Uncle Sam's Next Environmental Target: Farms New Federal Rules Cite Animal Waste as Major Threat to America's Waterways

Article excerpt

On his way to market, this little piggy can make a big mess. So can the millions of cows and chickens that produce tons of waste before ending up on dinner plates around the country.

As a result, Uncle Sam is about to crack down on the farm industry.

"Animal waste is a national problem that demands a national solution," says Sen. Tom Harkin of Iowa, senior Democrat on the Senate agriculture committee.

Senator Harkin and US Rep. George Miller (D) of California are sponsoring legislation that would set strict limits on animal-waste pollution. Meanwhile, the Environmental Protection Agency (EPA) and the US Department of Agriculture (USDA) this week will announce new regulations designed to clean up farmyards.

In all, farm animals raised to become meat account for 61 million tons of waste a year, according to the USDA. This is many times the amount of human waste produced annually in the United States. In the Yakima Valley of Washington State, for example, there are now nearly 100,000 dairy cows and heifers, which produce as much waste as a city of 2.5 million people.

Rebecca Wodders, president of the conservation group American Rivers, calls factory farms "a growing national blight."

"In the past two decades, we have made significant progress in cleaning up waterways and putting a stop to major industrial sources of pollution," says Ms. Wodders. "Now we are faced with a threat so pervasive it could send us back to the days when rivers, in many cases, were nothing more than cesspools."

The conservation group's annual list of 10 most endangered rivers this year includes three waterways threatened by cattle, poultry, and hog farms: the Pocomoke River in Maryland, the Apple River in Wisconsin and Illinois, and the Potomac River in Washington, D.C., and three surrounding states.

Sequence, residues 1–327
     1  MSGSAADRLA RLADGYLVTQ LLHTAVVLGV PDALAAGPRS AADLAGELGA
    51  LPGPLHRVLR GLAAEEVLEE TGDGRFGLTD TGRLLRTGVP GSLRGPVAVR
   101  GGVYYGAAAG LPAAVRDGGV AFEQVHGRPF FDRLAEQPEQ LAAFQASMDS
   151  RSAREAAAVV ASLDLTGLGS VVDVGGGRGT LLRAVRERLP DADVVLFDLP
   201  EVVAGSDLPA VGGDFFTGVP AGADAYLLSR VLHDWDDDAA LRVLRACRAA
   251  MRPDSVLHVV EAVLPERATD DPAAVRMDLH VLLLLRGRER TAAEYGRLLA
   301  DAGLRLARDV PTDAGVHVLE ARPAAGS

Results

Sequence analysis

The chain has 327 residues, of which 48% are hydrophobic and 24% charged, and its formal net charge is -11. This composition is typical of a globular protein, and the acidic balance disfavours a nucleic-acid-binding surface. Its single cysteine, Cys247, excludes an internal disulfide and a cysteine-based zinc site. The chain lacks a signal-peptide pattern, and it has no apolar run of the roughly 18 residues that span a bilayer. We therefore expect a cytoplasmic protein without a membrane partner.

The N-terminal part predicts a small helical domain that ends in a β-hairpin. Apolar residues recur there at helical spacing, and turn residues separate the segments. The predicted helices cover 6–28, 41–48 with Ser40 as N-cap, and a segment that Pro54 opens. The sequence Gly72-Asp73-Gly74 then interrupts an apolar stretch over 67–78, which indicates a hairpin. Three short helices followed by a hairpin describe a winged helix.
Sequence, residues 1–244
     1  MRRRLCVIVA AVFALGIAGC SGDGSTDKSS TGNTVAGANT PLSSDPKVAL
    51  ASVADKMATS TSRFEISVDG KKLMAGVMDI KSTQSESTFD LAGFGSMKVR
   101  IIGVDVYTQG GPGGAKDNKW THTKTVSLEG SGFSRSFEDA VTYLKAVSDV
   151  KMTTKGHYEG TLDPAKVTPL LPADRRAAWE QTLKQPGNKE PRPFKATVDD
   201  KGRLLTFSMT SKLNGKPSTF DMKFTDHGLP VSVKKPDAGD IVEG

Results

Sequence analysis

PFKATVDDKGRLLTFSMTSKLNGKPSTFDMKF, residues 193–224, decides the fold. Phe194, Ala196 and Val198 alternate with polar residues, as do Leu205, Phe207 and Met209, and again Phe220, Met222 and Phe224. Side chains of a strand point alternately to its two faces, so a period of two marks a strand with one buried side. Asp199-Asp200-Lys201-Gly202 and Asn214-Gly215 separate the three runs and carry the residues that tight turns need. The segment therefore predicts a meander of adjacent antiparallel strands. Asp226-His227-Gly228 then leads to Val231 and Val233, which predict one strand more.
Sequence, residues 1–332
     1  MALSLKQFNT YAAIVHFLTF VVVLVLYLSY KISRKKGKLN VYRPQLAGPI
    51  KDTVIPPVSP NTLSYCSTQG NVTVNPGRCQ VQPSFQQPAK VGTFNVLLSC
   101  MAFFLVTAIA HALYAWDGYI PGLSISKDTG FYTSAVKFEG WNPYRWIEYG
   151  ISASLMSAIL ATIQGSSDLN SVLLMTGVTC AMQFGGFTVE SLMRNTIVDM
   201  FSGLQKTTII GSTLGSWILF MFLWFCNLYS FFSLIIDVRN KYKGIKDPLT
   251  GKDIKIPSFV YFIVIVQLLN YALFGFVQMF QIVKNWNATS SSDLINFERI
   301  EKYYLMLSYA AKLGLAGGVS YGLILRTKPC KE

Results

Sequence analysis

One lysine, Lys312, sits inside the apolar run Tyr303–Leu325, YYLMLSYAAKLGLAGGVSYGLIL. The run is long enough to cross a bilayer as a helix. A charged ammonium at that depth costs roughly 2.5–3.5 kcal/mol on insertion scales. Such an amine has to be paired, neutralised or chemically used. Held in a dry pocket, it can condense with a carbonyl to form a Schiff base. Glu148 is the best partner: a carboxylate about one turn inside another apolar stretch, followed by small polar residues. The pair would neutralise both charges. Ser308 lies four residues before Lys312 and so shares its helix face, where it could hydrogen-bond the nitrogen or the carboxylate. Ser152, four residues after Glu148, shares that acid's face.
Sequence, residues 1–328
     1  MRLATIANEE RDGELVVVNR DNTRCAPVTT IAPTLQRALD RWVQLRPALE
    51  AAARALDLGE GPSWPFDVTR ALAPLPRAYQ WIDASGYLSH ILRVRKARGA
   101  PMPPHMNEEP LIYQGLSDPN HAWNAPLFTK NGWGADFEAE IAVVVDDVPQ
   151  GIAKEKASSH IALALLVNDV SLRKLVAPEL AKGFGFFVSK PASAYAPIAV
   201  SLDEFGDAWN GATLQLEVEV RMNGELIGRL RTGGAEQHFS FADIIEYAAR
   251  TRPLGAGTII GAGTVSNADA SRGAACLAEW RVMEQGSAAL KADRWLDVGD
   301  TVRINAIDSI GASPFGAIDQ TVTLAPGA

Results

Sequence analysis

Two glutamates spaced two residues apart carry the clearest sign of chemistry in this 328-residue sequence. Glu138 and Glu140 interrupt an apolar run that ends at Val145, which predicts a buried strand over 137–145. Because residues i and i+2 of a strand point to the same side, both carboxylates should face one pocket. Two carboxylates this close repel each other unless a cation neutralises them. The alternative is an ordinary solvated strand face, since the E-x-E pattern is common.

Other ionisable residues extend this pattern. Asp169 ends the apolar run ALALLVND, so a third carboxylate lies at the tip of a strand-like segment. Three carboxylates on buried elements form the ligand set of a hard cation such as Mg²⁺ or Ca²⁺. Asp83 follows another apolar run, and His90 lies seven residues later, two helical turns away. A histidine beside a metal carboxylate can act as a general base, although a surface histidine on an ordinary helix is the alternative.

The problem is that, whereas urban sewer systems now treat most human waste to the point where it is environmentally benign, waste from farms is not treated. Typically, such waste is either stored on the factory farms that are replacing family operations (and thereby concentrating the problem) or spread on fields as fertilizer to help produce grain to feed livestock in a kind of mass recycling effort. In either case, it also is fouling waterways and killing wildlife.

Major pollution source

Earlier this summer, the Ecological Society of America, a scientific research and education organization in Washington, named livestock operations as one of the major causes of "nonpoint-source pollution," or pollution spread over large areas rather than coming from a single sewage pipe or smokestack. …


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